It has not been all sweetness and light. Do not expect the girls to sit there like perfect school girls, especially if they have been doing this all day at school. Set your level of discipline early on and make sure it works. A good set of rules will take you a long way. Be flexible with meeting times, especially as they grow older. You will not win if you insist on butting head to head with sports and jobs. There will always be some conflicts but be flexible. You must be consistent, however. Meetings constantly cancelled spell doom for a troop. Sometimes you can get a parent who cannot otherwise help you to babysit your other children so you can be the leader. Try to plan at least one meeting ahead so that a substitute can take over if you have a family emergency. You must mandate parent PARTICIPATION from the very beginning because there are parents who will regard you as little better than an unpaid babysitter. If a parent checks a skill on one of the forms you send out, be SURE to use that parent skill, even if you have to make up an activity to go along with it. Make the parents feel that it is their troop, too. You will find out that if you issue a general call for parent help, that it will go unheeded. If you ask specific things of specific people you will get more help. When someone does say no, have a second, lesser thing you would like them to do ready to ask for.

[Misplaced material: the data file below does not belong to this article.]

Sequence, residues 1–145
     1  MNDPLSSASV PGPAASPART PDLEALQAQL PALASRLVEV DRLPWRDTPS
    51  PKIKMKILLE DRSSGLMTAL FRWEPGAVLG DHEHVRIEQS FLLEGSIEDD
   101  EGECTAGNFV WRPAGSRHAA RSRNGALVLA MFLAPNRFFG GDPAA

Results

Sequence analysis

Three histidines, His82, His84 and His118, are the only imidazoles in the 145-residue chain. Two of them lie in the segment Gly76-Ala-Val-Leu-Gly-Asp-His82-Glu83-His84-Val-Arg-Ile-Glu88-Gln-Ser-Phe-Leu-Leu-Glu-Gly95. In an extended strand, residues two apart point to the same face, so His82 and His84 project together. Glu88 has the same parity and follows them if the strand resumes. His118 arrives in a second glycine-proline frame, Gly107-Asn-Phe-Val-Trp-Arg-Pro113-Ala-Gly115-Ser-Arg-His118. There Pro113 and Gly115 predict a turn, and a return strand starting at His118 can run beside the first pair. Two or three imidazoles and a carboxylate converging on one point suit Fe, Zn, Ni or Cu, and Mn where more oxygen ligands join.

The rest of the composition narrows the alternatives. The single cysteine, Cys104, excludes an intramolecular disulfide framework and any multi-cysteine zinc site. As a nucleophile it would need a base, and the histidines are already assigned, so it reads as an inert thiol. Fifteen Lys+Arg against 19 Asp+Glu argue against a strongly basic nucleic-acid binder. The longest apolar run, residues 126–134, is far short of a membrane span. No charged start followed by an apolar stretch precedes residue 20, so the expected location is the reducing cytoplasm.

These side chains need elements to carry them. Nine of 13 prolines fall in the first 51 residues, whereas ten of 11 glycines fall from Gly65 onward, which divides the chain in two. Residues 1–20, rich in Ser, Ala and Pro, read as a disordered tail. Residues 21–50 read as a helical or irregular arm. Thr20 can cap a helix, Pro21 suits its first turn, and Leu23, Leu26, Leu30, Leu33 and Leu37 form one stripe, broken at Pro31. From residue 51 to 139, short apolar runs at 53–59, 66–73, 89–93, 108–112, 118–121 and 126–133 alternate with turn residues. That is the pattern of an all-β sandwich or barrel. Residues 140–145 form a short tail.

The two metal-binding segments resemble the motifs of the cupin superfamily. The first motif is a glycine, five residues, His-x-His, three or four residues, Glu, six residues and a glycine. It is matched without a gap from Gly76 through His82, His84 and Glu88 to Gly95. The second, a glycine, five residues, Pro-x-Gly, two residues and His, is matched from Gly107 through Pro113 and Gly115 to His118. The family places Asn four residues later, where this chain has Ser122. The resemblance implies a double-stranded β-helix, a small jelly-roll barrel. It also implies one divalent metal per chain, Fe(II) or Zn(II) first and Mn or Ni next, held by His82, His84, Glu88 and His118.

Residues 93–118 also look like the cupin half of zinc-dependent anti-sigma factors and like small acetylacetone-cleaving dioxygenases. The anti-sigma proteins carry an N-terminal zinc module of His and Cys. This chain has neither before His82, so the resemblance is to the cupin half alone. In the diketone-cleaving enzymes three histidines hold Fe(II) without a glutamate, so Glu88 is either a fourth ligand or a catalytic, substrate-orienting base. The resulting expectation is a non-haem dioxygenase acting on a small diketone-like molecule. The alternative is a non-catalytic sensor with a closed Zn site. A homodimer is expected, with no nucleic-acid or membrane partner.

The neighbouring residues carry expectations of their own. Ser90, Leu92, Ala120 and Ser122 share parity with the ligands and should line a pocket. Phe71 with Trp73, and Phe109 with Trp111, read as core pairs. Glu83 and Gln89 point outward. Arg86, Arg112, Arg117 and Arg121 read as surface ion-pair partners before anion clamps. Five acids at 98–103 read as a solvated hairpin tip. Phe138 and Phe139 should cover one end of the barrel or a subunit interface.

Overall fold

Council field execs can be your lifeline if they are good. During a few of the times I was considering quitting, two of mine took me out for coffee and really made me see that the result of what I was doing was infinitely worth any hassle. If you find that your field executive is not as helpful, attach yourself to a more experienced leader whom you respect. You can learn so much from them. GO TO SERVICE UNIT MEETINGS. Some will be boring; get the information you can there. Talk to the experienced leaders who will be there. Get your trainings as soon as you can. Call your trainers and pick their brains for suggestions when you are stumped. They will be complimented that you think them useful. Use the skills and information your Troop Consultants and Level Consultants offer you. Pick up the phone and call them. Don't wait until you have a problem festering to look for a solution.